These are the five women athletic directors out of all 65 colleges in the Power 5 conferences. 

39. Naomi Osaka

As 2020’s eighth overall athlete in endorsement income and highest-earning woman athlete, Naomi Osaka is one of the most marketable athletes in the world. TIME named her one of 100 most influential people in the world in 2019 and 2020. She made statements for racial equality during the US Open Championship.

40. Jessica Berman

The National Lacrosse League’s Deputy Commissioner and Executive Vice President of Business Affairs previously spent nine years as deputy general counsel and four years as Vice President of Community Development, Culture, and Growth in the NHL.

41. Blake Bolden

2019 Defensive Player of the Year and now a three-time NWHL All-Star, the first Black woman in professional hockey joined the NWHL in 2015. Blake Bolden went on to be the first black female NHL pro scout for the LA Kings, the second woman NHL pro scout. She supports the non-profit Black Girl Hockey Club.

42. Allyson Felix

Months after having an emergency C-section to deliver her daughter prematurely, Allyson Felix added to six Olympic gold medals by winning her 12th and 13th track and field World Championship gold, breaking Usain Bolt’s record. She wrote an op-ed about pregnancy discrimination in sports.

43. Nicole Lynn

NBA and NFL lawyer and sports agent, Lynn is the third woman and first black woman to represent an NFL draft pick.

44. Courtney Dauwalter

A George Mallory Award-winning ultramarathon runner and former teacher, Courtney Dauwalter has set numerous long-distance records among female athletes. She won the Moab 240 Mile in 2 days, 9 hours, and 59 minutes, beating second-place by over ten hours.

45. Kendall Coyne Schofield

The two-time Olympian hockey player was the first woman at the NHL All-Star skills competition. She’s worked as a San Jose Sharks commentator and player development coach for the AHL.

46. Odessa Jenkins

Formerly a pro football player, Odessa Jenkins co-founded the Women’s National Football Conference in 2019. She wants to cultivate a women’s tackle football league that women and girls can look up to.

47. Jeanie Buss

In 2013, Jeanie Buss inherited a role as team president and LA Lakers’ representative on the NBA Board of Governors. In 2020, Buss became the first female controlling owner of an NBA Championship-winning team.

48. Alyssa Nakken

Former college softball player Alyssa Nakken is now the first woman MLB coach for the San Francisco Giants. When the Giants beat the Oakland A’s with her as first base coach, her jersey from the game went to the Baseball Hall of Fame.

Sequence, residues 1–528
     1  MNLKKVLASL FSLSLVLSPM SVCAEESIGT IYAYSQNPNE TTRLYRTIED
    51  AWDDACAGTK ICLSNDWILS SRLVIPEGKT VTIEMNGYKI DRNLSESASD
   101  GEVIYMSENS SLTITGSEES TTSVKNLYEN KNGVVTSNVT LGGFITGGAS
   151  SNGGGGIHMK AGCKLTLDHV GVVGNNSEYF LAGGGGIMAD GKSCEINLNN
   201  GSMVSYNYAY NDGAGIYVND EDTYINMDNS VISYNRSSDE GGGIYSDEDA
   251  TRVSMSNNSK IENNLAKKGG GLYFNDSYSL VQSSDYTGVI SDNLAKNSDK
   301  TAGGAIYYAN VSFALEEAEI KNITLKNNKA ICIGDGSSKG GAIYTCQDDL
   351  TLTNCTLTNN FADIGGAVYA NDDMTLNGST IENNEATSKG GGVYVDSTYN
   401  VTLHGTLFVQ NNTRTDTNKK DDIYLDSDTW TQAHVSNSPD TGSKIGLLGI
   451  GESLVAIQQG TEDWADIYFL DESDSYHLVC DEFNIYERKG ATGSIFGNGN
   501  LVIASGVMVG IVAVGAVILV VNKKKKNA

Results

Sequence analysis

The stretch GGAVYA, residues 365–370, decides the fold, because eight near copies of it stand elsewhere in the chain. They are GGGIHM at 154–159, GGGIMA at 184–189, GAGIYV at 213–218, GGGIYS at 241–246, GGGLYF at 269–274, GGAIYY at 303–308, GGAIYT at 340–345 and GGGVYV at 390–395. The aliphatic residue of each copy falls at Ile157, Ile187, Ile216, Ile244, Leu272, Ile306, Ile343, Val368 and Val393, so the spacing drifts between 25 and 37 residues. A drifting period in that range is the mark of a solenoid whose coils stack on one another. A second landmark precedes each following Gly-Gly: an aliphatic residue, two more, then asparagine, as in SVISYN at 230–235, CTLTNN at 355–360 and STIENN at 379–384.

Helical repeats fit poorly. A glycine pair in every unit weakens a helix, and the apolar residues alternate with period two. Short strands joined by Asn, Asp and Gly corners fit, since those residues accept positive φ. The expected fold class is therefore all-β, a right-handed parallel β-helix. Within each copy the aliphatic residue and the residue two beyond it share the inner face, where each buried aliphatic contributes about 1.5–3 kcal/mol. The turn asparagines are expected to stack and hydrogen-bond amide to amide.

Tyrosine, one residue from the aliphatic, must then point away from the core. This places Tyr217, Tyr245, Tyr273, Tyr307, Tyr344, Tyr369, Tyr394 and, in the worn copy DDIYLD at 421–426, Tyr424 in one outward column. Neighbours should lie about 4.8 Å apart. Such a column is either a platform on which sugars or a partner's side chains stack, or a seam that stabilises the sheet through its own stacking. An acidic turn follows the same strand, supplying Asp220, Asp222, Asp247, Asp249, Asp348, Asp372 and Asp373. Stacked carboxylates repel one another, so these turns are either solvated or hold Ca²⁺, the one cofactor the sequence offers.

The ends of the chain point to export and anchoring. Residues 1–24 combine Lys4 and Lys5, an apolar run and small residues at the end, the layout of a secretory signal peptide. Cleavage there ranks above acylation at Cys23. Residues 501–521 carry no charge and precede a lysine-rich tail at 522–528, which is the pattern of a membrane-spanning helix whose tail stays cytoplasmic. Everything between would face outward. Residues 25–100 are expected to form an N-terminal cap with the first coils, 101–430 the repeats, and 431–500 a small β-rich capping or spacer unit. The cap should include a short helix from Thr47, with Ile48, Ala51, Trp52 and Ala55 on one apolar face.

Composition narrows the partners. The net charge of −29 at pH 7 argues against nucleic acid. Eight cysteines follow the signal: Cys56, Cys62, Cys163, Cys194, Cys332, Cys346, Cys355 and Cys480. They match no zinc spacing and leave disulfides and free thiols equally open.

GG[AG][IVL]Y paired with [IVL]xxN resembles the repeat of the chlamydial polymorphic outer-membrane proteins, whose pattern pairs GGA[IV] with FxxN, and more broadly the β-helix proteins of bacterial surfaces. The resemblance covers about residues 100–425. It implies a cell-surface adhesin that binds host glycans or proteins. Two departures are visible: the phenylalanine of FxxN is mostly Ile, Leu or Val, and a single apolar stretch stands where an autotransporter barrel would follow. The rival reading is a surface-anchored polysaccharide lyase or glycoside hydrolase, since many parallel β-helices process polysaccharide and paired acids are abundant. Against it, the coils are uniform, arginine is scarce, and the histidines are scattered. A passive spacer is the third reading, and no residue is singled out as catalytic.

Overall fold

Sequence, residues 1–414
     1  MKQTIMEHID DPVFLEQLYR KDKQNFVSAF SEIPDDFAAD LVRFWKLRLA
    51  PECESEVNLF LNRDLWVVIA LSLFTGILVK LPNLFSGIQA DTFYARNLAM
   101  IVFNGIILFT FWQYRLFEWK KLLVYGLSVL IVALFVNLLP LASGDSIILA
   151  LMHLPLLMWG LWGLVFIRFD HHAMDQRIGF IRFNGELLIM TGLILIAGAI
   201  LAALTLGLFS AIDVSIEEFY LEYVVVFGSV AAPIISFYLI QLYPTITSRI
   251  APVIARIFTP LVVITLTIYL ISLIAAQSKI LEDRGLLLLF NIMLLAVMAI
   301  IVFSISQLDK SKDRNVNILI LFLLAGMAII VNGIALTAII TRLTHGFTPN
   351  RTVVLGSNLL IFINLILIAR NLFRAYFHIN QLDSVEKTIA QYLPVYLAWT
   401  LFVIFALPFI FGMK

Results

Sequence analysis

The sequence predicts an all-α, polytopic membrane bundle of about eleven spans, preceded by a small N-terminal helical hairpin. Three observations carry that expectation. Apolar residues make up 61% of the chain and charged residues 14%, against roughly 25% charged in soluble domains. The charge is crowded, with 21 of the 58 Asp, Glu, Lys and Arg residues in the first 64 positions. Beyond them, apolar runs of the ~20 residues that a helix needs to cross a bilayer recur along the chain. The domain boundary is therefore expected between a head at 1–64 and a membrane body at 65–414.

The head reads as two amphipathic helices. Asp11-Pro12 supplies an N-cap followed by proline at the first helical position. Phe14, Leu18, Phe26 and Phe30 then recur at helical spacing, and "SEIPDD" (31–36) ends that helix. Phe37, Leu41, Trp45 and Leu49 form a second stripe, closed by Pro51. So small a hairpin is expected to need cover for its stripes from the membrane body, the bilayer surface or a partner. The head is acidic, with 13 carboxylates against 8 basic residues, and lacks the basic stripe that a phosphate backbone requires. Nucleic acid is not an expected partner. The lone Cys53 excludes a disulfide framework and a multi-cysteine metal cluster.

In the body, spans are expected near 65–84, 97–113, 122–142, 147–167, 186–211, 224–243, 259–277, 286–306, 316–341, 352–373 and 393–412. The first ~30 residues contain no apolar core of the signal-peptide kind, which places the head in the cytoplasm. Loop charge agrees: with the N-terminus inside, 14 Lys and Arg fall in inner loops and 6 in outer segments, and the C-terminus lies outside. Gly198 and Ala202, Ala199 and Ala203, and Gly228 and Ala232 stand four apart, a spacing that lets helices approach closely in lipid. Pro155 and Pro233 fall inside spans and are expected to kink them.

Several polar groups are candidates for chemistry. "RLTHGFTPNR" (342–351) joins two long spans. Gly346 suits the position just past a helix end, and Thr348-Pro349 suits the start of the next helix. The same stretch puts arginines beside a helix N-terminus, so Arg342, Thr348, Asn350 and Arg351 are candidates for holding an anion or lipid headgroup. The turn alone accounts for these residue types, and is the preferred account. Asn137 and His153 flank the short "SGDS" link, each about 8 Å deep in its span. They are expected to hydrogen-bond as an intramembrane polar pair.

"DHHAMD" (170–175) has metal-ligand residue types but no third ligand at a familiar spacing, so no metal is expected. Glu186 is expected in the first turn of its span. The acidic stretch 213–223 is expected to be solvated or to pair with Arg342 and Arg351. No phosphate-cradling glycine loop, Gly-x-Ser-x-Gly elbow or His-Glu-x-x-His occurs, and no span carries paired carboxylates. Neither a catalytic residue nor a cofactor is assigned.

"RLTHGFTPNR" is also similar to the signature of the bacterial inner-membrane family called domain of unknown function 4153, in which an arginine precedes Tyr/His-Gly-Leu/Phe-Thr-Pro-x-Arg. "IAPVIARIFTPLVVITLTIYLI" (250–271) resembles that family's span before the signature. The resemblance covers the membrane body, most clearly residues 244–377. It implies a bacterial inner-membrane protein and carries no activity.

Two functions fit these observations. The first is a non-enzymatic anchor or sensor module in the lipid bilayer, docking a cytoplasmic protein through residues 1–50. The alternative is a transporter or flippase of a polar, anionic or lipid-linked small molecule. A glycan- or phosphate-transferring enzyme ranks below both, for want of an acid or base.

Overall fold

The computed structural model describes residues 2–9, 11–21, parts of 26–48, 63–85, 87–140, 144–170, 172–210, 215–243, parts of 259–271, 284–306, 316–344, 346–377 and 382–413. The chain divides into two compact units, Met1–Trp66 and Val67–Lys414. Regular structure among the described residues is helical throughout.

49. A’ja Wison

In 2018, Las Vegas Aces’ A’ja Wilson was the first overall WNBA draft pick. In 2020, she was the league’s MVP, and she won her first gold at the summer Olympics. She’s an active member of the WNBA’s Social Justice Council.

50. Keia Clarke

Keia Clarke’s been the NBA’s Senior Business Development Coordinator, the New York Liberty’s Director of Marketing, Chief Operating Officer, and now CEO. She’s fought to fuel support for the WNBA team by moving their home venue.

51. Dany Garcia

Businesswoman Dany Garcia bought the XFL in 2020. With plans to rehabilitate the bankrupt organization in 2022, she’s now the first woman to own a professional sports league.

52. Nneka Ogwumike

Not only has LA Sparks’ Nneka Ogwumike achieved number one draft pick, Rookie of the Year, MVP, WNBA champion, and All-Star six times, she was also central to negotiating the landmark player salary and benefit increases as President of the players association.

53. Julie Donaldson

Donaldson was an anchor and reporter for NBC Sports Washington. Now she’s a senior-level media producer for Washington football, the first woman with a regular spot in an NFL team’s radio broadcast. She began the Women’s Initiative Now board to support women working for the franchise.

Which woman inspired you the most?

These influential women in sports have changed the world. The successes at the top are a reflection of work on the ground: More and more young girls are competing at club level — the number of girls grows around 30% annually, while for boys it is 7%.

Did we feature your hero? What qualities do you think it takes to inspire amateur athletes and other sports legends alike? Make your voice heard and join our advocacy for women’s equality in sports.